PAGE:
What’s more, the juror infers that Zimmerman’s assumption that Trayvon Martin was a “robber” or another kind of criminal is almost understandable and seemingly justifiable. Juror B37's rhetoric reflects the predominant American assumption that young black men like Trayvon Martin are criminals who are terrorizing and destroying decent (in other words, white) neighborhoods. In her eyes, George Zimmerman was right to assume that Trayvon Martin was a criminal because to Juror B37, Trayvon Martin probably already was.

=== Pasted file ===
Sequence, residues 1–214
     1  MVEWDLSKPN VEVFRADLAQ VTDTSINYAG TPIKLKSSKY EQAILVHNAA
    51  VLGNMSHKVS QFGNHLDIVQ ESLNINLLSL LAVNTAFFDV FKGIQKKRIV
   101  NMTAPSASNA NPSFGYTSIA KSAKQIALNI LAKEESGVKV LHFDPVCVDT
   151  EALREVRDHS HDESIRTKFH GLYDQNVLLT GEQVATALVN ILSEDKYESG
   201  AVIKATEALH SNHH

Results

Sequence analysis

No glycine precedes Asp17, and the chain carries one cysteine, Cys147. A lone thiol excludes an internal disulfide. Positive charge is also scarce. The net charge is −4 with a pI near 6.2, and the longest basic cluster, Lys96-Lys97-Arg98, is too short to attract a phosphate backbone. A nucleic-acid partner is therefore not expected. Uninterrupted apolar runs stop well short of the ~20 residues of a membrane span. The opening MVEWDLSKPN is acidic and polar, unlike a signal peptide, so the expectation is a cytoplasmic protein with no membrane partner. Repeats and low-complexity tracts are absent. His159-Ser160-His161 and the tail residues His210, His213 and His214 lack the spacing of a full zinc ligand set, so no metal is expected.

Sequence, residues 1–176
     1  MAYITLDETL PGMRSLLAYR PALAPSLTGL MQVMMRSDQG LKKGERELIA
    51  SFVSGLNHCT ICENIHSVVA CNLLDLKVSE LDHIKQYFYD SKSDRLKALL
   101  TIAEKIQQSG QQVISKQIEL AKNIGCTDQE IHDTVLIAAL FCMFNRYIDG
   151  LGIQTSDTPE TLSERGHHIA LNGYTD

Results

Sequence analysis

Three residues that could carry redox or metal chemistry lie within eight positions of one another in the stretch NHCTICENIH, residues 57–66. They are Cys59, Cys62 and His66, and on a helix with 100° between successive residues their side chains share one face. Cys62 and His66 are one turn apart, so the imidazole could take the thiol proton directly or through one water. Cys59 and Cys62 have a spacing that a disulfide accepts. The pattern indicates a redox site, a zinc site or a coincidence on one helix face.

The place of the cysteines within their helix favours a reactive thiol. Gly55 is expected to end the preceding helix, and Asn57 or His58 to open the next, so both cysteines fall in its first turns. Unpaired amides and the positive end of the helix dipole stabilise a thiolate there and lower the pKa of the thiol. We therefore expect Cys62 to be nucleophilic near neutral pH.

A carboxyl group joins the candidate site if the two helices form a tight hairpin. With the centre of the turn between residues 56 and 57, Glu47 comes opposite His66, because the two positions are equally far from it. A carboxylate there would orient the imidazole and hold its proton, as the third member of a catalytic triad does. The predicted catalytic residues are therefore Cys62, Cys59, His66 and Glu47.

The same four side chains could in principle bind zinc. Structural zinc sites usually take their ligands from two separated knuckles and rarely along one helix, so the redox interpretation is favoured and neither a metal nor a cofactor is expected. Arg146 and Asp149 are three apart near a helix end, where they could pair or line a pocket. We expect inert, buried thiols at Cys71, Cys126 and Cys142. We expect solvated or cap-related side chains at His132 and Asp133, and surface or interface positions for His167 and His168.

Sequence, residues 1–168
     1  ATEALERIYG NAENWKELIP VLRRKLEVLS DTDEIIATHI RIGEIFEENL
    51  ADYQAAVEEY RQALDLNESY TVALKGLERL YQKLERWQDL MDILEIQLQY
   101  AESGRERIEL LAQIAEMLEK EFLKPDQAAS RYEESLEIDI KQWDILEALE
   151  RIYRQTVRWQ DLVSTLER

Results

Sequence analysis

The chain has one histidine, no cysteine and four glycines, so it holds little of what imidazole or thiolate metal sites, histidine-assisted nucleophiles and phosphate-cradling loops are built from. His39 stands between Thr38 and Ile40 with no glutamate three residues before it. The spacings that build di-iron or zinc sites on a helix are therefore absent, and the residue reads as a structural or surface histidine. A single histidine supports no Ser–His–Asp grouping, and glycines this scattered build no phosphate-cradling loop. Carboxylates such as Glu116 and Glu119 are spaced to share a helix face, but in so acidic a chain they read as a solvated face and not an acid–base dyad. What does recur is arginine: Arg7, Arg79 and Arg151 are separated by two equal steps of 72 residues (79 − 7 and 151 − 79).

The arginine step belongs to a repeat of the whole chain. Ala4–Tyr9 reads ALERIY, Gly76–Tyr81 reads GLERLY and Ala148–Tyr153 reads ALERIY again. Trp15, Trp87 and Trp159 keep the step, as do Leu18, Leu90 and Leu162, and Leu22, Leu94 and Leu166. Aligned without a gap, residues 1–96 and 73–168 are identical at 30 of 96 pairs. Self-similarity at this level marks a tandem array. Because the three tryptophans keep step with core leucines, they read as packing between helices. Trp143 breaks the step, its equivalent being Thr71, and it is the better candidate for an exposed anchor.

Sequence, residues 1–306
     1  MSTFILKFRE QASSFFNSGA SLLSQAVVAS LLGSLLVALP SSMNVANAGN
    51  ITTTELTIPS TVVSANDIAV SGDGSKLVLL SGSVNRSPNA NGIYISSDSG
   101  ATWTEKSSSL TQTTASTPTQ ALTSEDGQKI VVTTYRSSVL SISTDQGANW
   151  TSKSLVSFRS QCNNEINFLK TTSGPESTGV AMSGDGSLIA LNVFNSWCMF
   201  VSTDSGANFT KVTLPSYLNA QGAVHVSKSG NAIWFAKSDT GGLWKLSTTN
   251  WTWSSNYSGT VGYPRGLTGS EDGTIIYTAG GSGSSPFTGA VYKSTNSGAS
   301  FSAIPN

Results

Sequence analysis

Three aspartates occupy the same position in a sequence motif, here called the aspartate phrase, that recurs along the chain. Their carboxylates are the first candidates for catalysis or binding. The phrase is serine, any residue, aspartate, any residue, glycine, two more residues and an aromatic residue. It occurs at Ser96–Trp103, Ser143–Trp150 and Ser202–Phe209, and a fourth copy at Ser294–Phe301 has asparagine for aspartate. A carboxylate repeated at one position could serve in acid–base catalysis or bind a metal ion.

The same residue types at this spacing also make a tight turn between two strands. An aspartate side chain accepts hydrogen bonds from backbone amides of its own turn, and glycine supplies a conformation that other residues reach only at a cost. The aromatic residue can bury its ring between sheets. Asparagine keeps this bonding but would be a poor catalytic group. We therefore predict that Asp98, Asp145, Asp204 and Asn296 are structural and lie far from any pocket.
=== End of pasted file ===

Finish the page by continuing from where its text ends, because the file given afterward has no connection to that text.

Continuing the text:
This line of thinking, that George Zimmerman was protecting the neighborhood and notably, white women, from a potential criminal, was a crucial aspect of the defense team's argument. Over at The Nation, Mychal Denzel Smith cogently dissected Defense Attorney Mark O’Mara’s use of George Zimmerman’s white female neighbor, Olivia Bertalan, as a prop in the racist construction of Trayvon Martin as a criminal threat to white women’s safety.

According to Smith, “O’Mara presented the jury with the ‘perfect victim,’ which Trayvon could never be: a white woman living in fear of black criminals.” The best way to convince a mostly white, female jury that George Zimmerman was innocent was to criminalize Trayvon Martin. George Zimmerman was never on trial; black masculinity was.